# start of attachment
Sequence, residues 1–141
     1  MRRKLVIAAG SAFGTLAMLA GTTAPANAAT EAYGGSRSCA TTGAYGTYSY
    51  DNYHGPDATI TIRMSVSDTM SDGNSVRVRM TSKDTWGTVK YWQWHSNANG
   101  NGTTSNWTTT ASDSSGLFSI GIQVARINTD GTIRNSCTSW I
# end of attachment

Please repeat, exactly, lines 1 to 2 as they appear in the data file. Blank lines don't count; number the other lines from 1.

Sequence, residues 1–141
     1  MRRKLVIAAG SAFGTLAMLA GTTAPANAAT EAYGGSRSCA TTGAYGTYSY